The HHS board, in its decision, said it was comfortable with that evidence and thus didn't feel it was necessary to independently consult with scientific or clinical experts on it.
"The new evidence indicates that transsexual surgery is an effective treatment option in appropriate cases," the board said.
Medicare didn't respond to NBC's questions about why it didn't defend the former policy. Data for reimbursement requests for sex reassignment surgery since the change wasn't yet available, Medicare said, but a spokesman noted that the decision on whether to cover the procedures was now up to the program's contractors. (The HHS board said its determination doesn't bar Medicare or its contractors from denying individual claims for payment for others reasons allowed by the law.)
'There's no escaping it'
Transgender people and the issues they face are being discussed and embraced more openly than at any other time in history, with television shows featuring transgender characters — like "Transparent" and "Orange is the New Black" — helping to bring more awareness.
But seniors, like Mallon, grew up during a time when transgender issues were invisible at best. Mallon had grappled for decades with her gender identity: She had tried, as she said, to "man up" by joining the high school football team, the Army and then a police force. She lost marriages and family ties as she haltingly made her transition. She struggled and lacked confidence in jobs where she presented herself as a man.
"I have a difficult time relating to somebody what it feels like to be me. One of the obvious things people will say is, 'It's a lifestyle choice. You've made this choice.' Well, it's far deeper than that. It's so a part of my basic psyche, there's no escaping it," she said. "I've tried to be the kind of man that society wanted and my feminine self just kept creeping up."
Mallon, now 75, began living full time as a woman when she turned 40, taking fashion merchandising courses with 20-somethings at a vocational school in Albuquerque to learn how to walk and talk like the woman she knew herself to be. She'd known since she was about 12 that she needed to have sex reassignment surgery after news broke in 1952 that Christine Jorgensen, a transgender New Yorker, had done it in Europe.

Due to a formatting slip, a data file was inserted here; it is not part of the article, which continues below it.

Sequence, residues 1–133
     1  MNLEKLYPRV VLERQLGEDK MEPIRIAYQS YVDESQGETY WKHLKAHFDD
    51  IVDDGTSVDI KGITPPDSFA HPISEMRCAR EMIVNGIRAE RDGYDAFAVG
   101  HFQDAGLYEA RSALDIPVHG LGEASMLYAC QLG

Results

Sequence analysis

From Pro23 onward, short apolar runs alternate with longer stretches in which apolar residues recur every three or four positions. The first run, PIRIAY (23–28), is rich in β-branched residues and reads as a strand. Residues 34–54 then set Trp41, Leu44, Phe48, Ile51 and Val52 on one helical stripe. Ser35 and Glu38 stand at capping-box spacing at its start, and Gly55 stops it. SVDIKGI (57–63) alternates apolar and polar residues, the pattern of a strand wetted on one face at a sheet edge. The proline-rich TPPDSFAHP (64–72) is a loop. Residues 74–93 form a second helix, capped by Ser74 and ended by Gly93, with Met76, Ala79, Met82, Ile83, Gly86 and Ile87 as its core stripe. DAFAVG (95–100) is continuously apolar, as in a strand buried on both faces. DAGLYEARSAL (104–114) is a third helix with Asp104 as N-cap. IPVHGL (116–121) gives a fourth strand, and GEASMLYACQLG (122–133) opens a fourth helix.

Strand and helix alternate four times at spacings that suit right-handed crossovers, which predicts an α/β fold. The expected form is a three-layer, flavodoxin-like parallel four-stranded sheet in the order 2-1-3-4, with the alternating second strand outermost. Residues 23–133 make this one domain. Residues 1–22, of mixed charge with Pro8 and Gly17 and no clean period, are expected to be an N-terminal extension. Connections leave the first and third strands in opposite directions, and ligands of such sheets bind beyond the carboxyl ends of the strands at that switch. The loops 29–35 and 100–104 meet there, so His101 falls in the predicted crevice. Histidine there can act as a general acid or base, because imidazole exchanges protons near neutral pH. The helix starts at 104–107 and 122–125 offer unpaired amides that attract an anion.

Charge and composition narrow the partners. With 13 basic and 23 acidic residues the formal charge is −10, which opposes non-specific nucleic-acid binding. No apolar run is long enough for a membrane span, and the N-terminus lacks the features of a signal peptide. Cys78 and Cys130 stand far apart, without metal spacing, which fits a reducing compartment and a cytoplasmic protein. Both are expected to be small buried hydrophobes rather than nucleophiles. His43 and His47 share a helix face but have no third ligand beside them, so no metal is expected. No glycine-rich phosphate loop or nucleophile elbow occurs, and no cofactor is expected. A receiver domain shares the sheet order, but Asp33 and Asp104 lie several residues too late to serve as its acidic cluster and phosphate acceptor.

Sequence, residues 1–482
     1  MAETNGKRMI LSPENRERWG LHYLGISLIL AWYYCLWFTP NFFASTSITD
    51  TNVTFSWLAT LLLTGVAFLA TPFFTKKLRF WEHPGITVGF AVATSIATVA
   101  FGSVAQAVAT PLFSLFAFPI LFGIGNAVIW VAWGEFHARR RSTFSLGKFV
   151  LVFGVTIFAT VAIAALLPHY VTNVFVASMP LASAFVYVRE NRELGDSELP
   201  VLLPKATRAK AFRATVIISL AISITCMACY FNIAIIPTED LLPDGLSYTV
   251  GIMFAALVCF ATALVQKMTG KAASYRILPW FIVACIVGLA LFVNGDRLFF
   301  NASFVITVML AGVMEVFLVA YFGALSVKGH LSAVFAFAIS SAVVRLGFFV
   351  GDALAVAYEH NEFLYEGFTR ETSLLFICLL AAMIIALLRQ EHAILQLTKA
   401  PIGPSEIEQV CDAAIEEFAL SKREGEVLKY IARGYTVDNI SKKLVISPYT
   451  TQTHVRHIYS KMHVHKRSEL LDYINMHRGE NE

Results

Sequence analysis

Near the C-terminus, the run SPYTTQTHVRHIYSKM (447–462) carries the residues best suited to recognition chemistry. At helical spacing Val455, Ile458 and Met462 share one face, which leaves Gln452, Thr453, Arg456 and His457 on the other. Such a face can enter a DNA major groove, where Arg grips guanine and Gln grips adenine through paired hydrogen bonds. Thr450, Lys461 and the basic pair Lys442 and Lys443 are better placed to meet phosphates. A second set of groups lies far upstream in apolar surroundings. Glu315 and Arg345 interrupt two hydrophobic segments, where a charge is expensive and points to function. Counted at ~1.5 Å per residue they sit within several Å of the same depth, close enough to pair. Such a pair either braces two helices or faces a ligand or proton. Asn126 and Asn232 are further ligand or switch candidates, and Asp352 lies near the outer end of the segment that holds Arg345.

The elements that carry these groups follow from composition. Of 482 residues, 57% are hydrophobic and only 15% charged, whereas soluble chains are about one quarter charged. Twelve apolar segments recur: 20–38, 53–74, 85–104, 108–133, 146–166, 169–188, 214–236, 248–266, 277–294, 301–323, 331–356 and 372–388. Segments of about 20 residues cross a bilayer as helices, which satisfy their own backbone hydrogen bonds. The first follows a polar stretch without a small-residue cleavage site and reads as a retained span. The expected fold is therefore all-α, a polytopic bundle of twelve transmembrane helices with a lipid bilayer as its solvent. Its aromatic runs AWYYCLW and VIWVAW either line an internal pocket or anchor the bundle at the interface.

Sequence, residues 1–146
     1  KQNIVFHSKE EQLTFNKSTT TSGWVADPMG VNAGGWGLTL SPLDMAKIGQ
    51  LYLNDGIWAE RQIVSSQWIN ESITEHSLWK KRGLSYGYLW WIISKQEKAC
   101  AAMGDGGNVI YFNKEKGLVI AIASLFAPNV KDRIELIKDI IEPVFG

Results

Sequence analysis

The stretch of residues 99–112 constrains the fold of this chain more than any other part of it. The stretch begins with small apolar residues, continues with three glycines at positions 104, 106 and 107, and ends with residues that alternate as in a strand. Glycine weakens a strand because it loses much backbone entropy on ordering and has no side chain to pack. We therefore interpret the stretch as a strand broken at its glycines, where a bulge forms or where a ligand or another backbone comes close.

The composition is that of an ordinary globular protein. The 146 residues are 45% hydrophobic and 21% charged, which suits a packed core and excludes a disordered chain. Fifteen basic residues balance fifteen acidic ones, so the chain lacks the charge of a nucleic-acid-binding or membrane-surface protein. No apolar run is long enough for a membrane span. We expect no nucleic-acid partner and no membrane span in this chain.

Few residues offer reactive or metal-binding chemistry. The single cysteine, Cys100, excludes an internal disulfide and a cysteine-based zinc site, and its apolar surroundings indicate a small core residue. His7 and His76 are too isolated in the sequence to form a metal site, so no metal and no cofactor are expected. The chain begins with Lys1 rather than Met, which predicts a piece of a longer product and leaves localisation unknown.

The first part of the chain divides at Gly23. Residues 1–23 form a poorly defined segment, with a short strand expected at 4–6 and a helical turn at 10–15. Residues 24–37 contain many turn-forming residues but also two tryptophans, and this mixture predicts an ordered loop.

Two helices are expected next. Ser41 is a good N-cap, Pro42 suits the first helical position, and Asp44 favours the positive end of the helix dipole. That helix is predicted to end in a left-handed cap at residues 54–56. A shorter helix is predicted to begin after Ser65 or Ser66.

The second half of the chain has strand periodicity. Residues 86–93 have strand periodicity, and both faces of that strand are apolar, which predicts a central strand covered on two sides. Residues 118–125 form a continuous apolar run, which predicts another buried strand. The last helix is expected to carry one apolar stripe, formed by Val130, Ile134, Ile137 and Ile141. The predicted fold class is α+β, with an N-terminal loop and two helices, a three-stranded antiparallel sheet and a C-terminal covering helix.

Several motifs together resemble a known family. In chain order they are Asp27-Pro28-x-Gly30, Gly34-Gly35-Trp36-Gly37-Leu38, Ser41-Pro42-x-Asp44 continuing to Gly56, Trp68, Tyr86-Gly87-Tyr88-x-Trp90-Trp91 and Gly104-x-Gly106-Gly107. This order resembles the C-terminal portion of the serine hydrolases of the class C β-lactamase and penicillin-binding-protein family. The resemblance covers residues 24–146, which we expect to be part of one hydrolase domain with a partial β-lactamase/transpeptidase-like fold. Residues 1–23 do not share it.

"I was delivering the morning paper at the time and eagerly anticipated each article. That's when I knew that I could actually have the surgery and become a woman," Mallon said. "She'd get on TV shows and people would just eagerly watch the show to catch a glimpse of her because that was so novel back then. He was this Army veteran, now a woman, and looking quite good."
Of Mallon's five children, she said, her eldest fully accepts her gender identity and is proud of her for leading the Medicare fight.
"I'm so sad it took so long," Kelly Mallon-Salter said of Denee's surgery, getting emotional. "But I'm so happy that she's helping others to have it."
Coverage expands in private sector
The Medicare decision comes as the number of private insurance companies offering transition-related coverage has surged in recent years. Human Rights Campaign, which advocates for LGBT equality, said about 34 percent of the Fortune 500 companies today — up from 10 percent in 2009 — offer transgender-inclusive health care benefits, including surgical. Many employers have started to address coverage for transgender individuals, and most have experienced little to no premium increases as a result, HRC said in its annual Corporate Equality Index.
Five states' Medicaid programs — California, Massachusetts, Vermont, the District of Columbia and Oregon — cover transgender health services, including sex reassignment surgery, in their plans for lower-income and disabled people. Ten states have banned health insurance discrimination against transgender people (the five listed above plus Colorado, Connecticut, Illinois, Washington, and most recently, New York).